by Charniqua Snell, MT-BC – Rollins College Clinical Mental Health Counseling Graduate Student
As a music therapist, I see the power that music can have on a person’s well-being every day. Music is a universal concept that connects and empowers anyone no matter one’s age, culture, race, or religion. Music can elicit memories – positive and challenging. It encourages movement and interactions with our bodies, and is a safe and non-threatening way to release aggression. Music can even evoke powerful emotions that sometimes cannot be explained with the right words. When used correctly and with care, music, rhythm, lyrics, and sound may help someone face and eventually heal from a traumatic experience in their lives.
What is Music Therapy
Music therapy is a clinical and evidence-based treatment to help people of all ages identify and accomplish individualized goals. Goals can be physical, emotional, cognitive and/or social and are treated with structured music interventions by a trained and certified professional. Sessions can be individual or in groups.
How is it Helpful for healing trauma?
While music therapy cannot change the problem or situation, it can be a vehicle to inner and interpersonal change. A few outcomes and goals of a music therapy session could be learning and practicing:
- Coping skills
- Identifying emotions (in themselves and others)
- Regulating emotions
- Relaxation techniques
- Nonverbal forms of expression
- Grounding techniques
- Social skills to facilitate appropriate intimacy and support
Music therapist can use a range of interventions and exercises to help facilitate whatever outcome the client may need. All exercises are adapted to help the client succeed at their creative and functioning level such as:
- Instrument playing (for example, drum circles and learning an instrument)
- Integrating art and movement with music
By collaborating with a music therapist, a client healing from trauma can eventually see increased feelings of self-worth, feel empowerment in their healing journey, find more control over emotions and behaviors, and even experience lower physiological symptoms like lower blood pressure and heart rate.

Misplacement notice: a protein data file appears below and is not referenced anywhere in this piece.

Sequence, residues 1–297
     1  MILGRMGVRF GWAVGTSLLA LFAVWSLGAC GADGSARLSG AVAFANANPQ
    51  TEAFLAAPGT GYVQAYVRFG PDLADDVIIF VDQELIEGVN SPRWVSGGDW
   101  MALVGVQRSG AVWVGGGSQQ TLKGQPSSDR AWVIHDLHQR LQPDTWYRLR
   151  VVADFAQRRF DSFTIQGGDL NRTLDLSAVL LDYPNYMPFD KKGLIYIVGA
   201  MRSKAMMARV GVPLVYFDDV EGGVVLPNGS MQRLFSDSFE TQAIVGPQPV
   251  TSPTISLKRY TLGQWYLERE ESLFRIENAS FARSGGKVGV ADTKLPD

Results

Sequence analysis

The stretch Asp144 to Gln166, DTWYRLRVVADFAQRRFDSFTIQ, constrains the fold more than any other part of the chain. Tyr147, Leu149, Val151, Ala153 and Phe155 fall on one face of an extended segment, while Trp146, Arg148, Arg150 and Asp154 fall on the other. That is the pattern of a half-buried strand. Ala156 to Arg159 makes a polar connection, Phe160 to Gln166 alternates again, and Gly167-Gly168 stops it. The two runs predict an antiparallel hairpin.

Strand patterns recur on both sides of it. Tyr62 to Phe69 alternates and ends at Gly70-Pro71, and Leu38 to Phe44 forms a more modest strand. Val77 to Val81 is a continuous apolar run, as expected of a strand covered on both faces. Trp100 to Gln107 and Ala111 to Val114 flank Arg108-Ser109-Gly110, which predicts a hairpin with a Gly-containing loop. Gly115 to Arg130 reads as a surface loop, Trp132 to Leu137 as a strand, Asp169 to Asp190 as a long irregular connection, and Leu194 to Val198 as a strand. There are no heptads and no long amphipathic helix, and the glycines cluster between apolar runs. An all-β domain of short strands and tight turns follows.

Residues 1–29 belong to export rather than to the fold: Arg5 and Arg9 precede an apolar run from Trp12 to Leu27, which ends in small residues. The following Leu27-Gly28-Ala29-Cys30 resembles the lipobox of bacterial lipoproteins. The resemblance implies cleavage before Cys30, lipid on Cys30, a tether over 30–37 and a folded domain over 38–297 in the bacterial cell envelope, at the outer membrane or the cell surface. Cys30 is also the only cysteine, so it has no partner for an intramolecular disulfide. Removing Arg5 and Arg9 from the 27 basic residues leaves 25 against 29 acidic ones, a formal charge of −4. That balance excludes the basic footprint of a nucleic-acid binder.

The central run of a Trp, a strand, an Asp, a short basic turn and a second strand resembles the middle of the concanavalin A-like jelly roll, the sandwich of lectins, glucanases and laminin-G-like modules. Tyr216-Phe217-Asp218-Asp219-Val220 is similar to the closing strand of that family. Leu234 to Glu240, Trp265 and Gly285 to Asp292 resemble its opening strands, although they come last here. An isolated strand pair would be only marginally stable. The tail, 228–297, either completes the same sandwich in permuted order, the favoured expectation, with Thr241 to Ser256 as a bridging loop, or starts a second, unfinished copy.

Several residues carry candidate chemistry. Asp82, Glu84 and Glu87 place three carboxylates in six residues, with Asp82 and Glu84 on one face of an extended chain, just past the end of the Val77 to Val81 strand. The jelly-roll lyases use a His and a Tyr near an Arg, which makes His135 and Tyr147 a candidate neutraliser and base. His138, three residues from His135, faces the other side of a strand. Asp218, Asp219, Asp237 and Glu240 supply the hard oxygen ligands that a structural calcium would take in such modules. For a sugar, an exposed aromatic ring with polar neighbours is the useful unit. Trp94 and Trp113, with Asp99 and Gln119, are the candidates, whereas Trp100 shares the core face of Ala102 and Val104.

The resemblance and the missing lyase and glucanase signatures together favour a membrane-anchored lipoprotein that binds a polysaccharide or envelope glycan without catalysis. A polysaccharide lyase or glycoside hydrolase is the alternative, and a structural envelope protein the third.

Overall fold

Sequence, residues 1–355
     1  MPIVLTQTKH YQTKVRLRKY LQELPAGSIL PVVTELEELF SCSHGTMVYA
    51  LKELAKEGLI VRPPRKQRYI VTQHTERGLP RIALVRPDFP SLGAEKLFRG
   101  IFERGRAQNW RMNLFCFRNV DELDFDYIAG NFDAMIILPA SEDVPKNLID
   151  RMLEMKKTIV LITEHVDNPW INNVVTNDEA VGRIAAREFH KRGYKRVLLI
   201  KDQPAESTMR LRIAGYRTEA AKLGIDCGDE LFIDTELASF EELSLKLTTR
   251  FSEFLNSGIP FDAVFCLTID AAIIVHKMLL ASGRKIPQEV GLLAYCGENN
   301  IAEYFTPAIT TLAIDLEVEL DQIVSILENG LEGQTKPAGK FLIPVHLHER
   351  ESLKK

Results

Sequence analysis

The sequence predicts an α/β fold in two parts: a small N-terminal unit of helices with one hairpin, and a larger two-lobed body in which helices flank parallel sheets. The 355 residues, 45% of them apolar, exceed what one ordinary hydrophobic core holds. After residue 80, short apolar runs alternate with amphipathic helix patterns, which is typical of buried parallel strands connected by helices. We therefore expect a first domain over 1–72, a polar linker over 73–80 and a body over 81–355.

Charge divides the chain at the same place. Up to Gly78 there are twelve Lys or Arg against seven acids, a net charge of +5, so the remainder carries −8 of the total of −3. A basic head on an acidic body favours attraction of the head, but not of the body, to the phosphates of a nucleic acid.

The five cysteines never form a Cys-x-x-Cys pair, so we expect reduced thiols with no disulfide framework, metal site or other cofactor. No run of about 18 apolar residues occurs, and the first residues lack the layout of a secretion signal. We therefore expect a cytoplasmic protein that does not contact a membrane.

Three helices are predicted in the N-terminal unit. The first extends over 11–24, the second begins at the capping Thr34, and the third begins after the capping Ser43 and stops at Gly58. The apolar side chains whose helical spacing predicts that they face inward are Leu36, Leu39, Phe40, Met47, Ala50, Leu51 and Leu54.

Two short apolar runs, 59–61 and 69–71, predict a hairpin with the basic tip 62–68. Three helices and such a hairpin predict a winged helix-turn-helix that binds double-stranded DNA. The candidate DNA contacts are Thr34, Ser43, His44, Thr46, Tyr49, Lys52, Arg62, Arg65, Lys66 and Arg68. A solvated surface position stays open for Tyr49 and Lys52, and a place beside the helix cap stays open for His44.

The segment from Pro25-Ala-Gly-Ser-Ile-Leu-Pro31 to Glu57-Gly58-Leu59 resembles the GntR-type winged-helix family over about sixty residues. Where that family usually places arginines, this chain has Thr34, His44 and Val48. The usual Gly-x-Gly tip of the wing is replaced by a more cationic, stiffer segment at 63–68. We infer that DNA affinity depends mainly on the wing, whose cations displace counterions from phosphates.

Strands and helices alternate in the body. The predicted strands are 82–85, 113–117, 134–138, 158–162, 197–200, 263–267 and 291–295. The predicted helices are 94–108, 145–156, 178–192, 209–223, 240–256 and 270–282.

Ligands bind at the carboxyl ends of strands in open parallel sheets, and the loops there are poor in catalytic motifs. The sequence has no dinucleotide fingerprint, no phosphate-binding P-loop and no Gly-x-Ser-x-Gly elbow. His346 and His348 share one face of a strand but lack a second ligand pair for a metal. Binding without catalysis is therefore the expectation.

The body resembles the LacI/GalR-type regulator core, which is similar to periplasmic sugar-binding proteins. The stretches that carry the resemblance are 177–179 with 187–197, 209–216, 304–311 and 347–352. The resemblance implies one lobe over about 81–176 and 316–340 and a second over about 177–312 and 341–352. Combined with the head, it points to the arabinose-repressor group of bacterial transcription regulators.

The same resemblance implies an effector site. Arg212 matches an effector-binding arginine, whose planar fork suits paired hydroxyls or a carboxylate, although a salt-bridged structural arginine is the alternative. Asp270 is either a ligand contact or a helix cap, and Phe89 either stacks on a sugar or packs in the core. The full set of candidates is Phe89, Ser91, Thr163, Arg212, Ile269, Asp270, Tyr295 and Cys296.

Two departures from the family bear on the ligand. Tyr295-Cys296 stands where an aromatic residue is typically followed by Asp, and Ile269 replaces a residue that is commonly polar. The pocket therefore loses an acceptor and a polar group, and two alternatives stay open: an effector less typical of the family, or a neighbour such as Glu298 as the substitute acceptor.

With trauma, it may be hard to put into words what one may be feeling or even what happened. There is not one right way to recover from trauma, and each journey is a unique one. But music therapy may be a unique route on your journey to heal and find yourself again.
Learn more from Charniqua about music therapy by listening to her on the VSC Podcast here: https://www.youtube.com/watch?v=MGLGM4m9UBw
American Music Therapy Association: https://www.musictherapy.org/
Music Therapy and Trauma: https://www.musictherapy.org/assets/1/7/MT_Crisis_2006.pdf
https://www.youtube.com/watch?v=z2vRub3SGFY – the music therapist talks of a technique used to ground an individual and bringing them to the present moment
https://www.youtube.com/watch?v=vf0bdchGTQo – the client is a cancer patient but the technique of songwriting can be a powerful tool to express emotions no matter what diagnosis or background a client has. This technique could also be used if working with sexual assault survivors.
https://www.youtube.com/watch?v=jAkfEU0O8E4 – a music therapist talks about self-care and does a music analysis intervention enforcing the idea of selfcare. Music analysis can be helpful when talking about a mental health topic and making it personal for the client. Usually the intervention is longer and collaborative with the client but this video is a short way of explaining how it would work.
VSC is here for you
If you have experienced trauma or a victimization from violent crime or sexual assault, VSC is here for you. Call our offices to make an initial appointment and/or learn about our support groups (407) 254-9415. Our 24/7 crisis helpline is also available to connect you to a crisis counselor for immediate emotional support (407) 500-HEAL.